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1992: The First Mass Market PCs

8/28/2006 02:00:00 AM Eastern

Based on the pictures in TWICE Magazine in 1992, big hair was still in. Howard Stern was endorsing Aiwa products and had bigger hair than the models for the blank tape ads — and he looked about 15 years old.

Well, Howard has come a long way, with his half-billion-plus contract with Sirius, and so has the industry.

We were still in a recession in the wake of the Gulf war. Selling anything other than home office products and car stereos was tough.

The outlook in January of 1992 was so bleak that Saul Gold, executive director of NATM, said, “The market is getting worse every week.” Dick Schulze, president, CEO and founder of Best Buy added, “There are no signs the recession is abating.”

In a twist of fate, however, sales picked up by the end of the year, and 1992 turned out to witness the highest overall sales growth since 1985, with a 7.9 percent increase, lead by sales of video and home office products, according to CEMA.

Early in the year, sales were flat or down in most categories, except as I mentioned, for home office, where new “lower cost” fax machines (at $499) were expected to see double-digit gains for the year. Cordless phones were flying off shelves at a rate of 10 million a year and digital answering machines and caller ID were new hot technologies.

People purchased 25 million PCs in 1991, and TWICE reported that consumer interest in PCs was “exploding,” as the market moved from boutique and chop shops into mass merchants.

In 1992, people still asked if you used Windows or DOS (they could tell just by looking at you if you were a Mac person).

386s shared the shelves with 486s. In March, Tandy introduced a 486 with 4 (count 'em, 4) MB of RAM and a processor clock speed of 50MHz at $2,699.

During the year, prices fell dramatically, down to below $1,000. IBM, Apple and others entered mass-market distribution for the first time, and the PDA was born. Apple debuted its first mainstream consumer line and named it Performa. As a memory refresher, the ill-fated CEO John Sculley was at the helm of Apple. He had been a star CEO of Pepsi and then took over for Steve Jobs. At Winter CES in 1992, Sculley announced Apple would introduce one of the first PDAs, which eventually became the equally ill-fated Newton.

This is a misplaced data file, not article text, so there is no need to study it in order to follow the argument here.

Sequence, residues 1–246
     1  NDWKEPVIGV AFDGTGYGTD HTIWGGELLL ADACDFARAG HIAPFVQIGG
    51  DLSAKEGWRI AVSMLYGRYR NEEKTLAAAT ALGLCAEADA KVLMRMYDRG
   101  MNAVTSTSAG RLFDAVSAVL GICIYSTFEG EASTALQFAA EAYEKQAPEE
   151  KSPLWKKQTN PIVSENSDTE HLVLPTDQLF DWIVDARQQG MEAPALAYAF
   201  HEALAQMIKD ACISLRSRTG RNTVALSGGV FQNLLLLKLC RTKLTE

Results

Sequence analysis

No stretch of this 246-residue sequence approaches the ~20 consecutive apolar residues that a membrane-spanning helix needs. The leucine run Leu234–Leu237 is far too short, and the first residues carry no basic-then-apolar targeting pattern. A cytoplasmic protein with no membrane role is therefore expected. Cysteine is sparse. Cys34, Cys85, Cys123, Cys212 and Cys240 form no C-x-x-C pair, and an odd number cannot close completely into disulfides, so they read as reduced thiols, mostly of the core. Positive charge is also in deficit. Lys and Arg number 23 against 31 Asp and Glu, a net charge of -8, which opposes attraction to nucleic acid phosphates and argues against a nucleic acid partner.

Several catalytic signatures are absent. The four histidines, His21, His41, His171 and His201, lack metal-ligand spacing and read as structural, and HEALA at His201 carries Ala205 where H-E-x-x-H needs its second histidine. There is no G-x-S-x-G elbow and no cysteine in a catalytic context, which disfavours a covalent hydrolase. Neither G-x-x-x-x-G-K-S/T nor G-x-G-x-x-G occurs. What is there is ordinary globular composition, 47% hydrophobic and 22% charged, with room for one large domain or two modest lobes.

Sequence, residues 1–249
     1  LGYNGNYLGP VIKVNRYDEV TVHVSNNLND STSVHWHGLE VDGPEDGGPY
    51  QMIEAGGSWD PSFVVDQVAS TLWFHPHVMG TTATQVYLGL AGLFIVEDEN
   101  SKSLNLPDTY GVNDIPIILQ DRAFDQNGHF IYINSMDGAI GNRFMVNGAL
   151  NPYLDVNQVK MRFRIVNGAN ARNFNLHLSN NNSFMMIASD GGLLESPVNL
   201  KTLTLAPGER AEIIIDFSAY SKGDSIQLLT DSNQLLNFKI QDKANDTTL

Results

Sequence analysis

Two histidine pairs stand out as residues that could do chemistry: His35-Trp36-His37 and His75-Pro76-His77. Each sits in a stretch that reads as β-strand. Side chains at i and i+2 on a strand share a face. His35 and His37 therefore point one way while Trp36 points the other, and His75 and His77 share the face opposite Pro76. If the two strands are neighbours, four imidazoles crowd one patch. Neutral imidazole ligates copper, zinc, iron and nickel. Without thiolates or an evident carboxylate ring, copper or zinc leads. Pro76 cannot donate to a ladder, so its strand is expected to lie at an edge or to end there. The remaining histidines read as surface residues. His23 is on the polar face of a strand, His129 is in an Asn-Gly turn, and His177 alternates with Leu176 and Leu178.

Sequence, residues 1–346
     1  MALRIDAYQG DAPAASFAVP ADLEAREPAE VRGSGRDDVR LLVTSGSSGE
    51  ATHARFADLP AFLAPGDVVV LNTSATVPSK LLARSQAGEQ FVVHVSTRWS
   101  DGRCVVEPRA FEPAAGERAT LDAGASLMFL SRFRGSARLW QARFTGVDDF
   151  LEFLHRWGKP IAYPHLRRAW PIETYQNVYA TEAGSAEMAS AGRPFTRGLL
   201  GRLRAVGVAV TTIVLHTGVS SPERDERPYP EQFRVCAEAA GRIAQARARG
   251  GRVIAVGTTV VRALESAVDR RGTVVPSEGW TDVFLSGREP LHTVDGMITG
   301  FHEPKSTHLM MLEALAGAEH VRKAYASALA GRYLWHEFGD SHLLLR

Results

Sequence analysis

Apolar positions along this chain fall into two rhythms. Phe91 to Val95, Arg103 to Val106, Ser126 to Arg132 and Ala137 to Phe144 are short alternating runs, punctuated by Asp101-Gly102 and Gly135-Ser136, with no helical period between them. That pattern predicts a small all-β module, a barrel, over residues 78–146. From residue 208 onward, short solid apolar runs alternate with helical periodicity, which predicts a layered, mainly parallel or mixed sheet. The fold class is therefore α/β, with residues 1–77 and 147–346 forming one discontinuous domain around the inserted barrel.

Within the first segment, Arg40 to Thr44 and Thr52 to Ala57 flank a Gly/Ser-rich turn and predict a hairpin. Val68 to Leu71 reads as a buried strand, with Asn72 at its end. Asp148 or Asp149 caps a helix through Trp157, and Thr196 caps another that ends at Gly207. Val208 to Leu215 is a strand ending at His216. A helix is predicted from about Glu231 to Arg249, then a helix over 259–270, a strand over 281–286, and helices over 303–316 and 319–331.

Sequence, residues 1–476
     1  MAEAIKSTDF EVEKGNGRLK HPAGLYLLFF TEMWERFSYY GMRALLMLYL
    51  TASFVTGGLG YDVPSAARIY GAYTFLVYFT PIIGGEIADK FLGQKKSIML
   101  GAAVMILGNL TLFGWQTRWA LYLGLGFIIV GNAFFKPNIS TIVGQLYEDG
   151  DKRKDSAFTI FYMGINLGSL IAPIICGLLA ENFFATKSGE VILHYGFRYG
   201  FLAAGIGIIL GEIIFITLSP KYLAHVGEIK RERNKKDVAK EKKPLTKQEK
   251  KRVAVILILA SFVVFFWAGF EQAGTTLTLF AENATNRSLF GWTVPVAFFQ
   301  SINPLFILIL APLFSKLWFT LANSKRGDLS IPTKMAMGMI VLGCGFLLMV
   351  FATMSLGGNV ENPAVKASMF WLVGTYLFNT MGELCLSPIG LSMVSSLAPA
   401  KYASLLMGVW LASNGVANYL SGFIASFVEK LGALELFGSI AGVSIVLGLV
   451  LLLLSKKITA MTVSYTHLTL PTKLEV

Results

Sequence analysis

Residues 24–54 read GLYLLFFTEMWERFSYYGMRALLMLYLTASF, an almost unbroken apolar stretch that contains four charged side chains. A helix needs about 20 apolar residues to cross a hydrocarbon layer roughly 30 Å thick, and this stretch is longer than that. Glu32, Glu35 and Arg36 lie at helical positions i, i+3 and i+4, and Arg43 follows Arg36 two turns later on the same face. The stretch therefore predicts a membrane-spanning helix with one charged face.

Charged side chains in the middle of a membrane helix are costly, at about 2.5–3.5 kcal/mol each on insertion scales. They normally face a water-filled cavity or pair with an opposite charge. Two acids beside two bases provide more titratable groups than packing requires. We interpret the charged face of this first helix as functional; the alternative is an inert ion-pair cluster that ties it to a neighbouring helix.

1992 was also the year Congress passed the Audio Home Recording Act, still a landmark piece of legislation. Lately, many of us are reminded of it as satellite radio faces challenges under the pending Perform Act (which may limit the ability to record satellite radio programming).

Many of the newer products on the horizon were struggling to make it to market because of format wars (Digital Cassette Recorders, DCC, vs. MiniDisc). The cellular phone industry was trying to go digital but faced delays in the deployment of TDMA.

Widescreen TVs were just starting to be introduced. By the end of the year, RCA and Panasonic had shipped the first 16:9 aspect models. Some of these were interim products that could supposedly be upgraded to HD once a standard was set.

TV suppliers were starting to back different standards for HDTV, and optimists hoped the first American HDTV broadcasts would happen by Christmas 1995. The FCC was shooting for a standard by 1993.

In audio, mini and shelf systems were big and component separate sales were slow. It was part of the heyday of car stereos and boom boxes. Car stereo CD head units, impervious to recession, were expected to grow by 33 percent.

The industry spent much time hyping Digital Cassette Recorders (DCC), and finally by the end of the year, two companies Technics and Philips had each shipped a player. MiniDisc portables from Sony also finally shipped by the end of the year.

On a lesser scale, another format war took place between Compact Disc-Interactive (CD-i) that stored and played back 72 minutes of a video on a disc form and a rival format called Video Information system (VIS) from Tandy and Zenith.

By fall, you were reminded just how tough times were by the number of retailers closing up shop. Among the casualties were Newmark & Lewis and Rogersound Labs. Highland Superstores and 47th Street Photo filed for Chapter 11 protection. But others saw opportunity. Tandy announced it would build a 100,000-square-foot megastore called Incredible Universe, and Best Buy said it would double its expansion rate in fiscal 1993, increasing its store count by more than 40 percent, including an invasion of the Chicago market.

Some other notable facts about 1992: It was the first year that portable cellular phones (they were too big back then to call handsets) outsold the bulkier transportable in-car models. Eight-bit video games were in decline and Nintendo and Sega were selling plenty of 16-bit models.







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